Engineering firm Meggitt enjoyed a five per cent spike in its share price this morning after upping prediction for annual revenue growth to between four per cent and six per cent.
The FTSE 250 defence contractor has taken a significant hit in recent months, after Boeing grounded its 737 Max jet earlier this year in the wake of two crashes which killed 346 people. However, orders still grew by one-tenth over the first half and it boosted its interim dividend to shareholders.
Meggitt makes parts for military planes, passenger jets and other heavy machinery, and employs more than 11,000 people.
Meggitt’s pre-tax profit tumbled to £73m in the first six months of the year, a 31 per cent drop versus the same time in 2018. Boeing’s grounding of the 737 Max jet, which happened in March directly impacted the defence firm over the period, but this is expected to level out when deliveries to airlines resume.
Revenue grew 12 per cent to just under £1.1bn, while free cash flow jumped 80 per cent to £49m.
The board upped the dividend for shareholders by 5 per cent to 5.55p per share.
Why it’s interesting
Despite profit shrinking significantly from the Boeing crisis, Meggitt enjoyed strong business in both the civil original equipment and defence sectors. This was bolstered by two deals announced at the Paris Air Show, one with helicopter maker Textron and another with Lufthansa’s Technik subsidiary to provide maintenance and repair services for commercial planes in China.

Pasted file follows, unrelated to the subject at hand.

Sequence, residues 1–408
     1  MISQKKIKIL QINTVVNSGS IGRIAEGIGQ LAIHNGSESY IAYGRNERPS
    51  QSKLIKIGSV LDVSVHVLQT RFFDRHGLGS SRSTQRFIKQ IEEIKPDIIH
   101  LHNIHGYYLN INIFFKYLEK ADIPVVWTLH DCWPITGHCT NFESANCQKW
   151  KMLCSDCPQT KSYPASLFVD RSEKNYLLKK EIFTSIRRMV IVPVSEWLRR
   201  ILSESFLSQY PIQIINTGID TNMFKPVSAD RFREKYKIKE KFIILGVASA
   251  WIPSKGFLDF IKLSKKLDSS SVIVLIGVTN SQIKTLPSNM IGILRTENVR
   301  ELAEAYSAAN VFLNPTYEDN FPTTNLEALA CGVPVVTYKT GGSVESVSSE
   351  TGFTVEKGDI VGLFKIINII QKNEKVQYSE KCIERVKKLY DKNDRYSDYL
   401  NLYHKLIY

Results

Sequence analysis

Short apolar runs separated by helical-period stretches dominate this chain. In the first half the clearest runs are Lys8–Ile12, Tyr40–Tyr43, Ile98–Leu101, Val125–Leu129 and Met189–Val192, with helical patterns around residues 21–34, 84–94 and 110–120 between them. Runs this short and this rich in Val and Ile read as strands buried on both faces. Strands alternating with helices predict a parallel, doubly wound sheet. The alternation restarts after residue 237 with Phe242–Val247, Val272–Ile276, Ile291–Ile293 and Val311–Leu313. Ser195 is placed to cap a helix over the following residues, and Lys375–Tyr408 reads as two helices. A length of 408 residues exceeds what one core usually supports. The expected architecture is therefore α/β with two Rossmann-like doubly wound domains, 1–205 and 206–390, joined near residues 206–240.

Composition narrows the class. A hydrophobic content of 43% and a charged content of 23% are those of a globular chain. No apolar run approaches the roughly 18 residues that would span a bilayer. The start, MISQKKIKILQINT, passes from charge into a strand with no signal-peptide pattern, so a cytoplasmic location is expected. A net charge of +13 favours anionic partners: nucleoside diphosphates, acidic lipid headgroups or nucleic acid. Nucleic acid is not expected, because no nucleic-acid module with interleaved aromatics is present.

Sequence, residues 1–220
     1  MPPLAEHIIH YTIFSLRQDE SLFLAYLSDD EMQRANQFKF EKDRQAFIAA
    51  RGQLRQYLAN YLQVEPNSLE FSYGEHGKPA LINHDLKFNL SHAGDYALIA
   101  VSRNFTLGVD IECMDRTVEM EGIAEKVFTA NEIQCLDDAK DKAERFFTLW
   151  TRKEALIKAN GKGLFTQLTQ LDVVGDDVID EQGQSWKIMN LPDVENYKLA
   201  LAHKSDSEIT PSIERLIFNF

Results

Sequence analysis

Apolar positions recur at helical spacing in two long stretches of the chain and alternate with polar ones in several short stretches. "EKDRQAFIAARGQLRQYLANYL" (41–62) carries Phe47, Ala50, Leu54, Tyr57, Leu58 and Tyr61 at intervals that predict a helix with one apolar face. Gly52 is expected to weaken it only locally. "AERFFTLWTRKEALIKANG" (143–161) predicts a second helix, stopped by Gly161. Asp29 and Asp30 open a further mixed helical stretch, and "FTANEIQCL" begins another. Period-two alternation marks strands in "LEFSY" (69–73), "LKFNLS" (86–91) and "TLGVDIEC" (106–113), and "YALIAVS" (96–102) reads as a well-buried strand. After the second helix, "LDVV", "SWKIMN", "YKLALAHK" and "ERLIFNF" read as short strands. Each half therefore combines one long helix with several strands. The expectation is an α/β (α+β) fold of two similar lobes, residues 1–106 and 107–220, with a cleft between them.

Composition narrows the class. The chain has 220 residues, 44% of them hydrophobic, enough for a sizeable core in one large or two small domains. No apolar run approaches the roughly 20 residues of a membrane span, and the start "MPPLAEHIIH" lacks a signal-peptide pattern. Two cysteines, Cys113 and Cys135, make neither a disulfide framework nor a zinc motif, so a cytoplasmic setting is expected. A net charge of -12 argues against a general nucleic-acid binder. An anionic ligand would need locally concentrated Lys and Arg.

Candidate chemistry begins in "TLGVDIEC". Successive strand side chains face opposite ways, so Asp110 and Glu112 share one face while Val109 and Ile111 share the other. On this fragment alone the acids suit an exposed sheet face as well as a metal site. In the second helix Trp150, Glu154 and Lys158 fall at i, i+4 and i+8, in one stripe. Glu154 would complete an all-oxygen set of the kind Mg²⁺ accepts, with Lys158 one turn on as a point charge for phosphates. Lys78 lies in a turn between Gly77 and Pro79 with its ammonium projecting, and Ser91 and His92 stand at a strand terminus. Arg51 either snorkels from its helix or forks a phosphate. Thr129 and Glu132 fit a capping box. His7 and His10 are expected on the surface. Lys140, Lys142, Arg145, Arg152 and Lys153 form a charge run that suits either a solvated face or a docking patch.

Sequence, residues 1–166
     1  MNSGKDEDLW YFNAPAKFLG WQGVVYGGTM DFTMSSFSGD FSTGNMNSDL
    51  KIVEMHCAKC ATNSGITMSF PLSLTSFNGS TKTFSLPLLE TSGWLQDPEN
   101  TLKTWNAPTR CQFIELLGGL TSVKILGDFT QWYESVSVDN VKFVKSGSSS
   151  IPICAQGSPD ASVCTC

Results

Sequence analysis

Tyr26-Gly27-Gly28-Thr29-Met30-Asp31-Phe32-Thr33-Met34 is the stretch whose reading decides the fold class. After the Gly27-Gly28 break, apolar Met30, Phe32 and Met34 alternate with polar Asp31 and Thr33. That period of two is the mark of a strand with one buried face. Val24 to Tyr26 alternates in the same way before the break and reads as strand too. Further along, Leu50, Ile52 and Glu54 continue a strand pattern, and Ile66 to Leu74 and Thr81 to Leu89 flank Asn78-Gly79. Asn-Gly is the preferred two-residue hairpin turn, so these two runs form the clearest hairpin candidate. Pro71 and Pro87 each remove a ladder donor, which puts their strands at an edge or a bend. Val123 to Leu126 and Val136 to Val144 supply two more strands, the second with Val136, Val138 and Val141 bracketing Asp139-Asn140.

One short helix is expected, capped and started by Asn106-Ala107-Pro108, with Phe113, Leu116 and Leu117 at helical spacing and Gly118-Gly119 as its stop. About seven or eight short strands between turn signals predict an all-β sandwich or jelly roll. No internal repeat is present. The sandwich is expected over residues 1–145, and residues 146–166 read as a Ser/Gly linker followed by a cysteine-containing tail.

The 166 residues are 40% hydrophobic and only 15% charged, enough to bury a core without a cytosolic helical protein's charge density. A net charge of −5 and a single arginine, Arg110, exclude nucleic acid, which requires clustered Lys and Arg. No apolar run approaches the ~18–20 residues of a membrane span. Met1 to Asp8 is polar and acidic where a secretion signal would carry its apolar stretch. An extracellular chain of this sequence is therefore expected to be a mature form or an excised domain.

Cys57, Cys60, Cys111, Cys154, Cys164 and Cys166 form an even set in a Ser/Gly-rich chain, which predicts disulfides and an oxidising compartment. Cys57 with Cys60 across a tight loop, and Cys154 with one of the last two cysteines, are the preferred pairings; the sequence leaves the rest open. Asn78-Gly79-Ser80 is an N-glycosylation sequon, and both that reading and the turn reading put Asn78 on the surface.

The firm’s share price was boosted was a Goldman Sachs research note which upgraded it from “neutral” to a “buy” rating. This was in large part because of the fact that 80 per cent of Meggitt’s revenues come from the global aerospace and US defence markets. The latter of these has benefited from a 13 per cent increase in spending by the US government in the last two years.
Meggitt is said to be considering whether to bid against a private equity firm for fellow defence contractor Cobham. City A.M. understands the company does not have enough cash to make such an offer.
But City sources told the Mail on Sunday the board was nevertheless consulting with investment bankers Morgan Stanley on whether to launch a bid.
What Meggitt said
Chief executive Tony Wood said: “Trading in the first half was strong, with robust growth in both civil original equipment and defence and good performance in our civil aftermarket business, despite an easing in air traffic growth and lower demand for initial provisioning spares following the grounding of the 737 MAX.”
Main image: Getty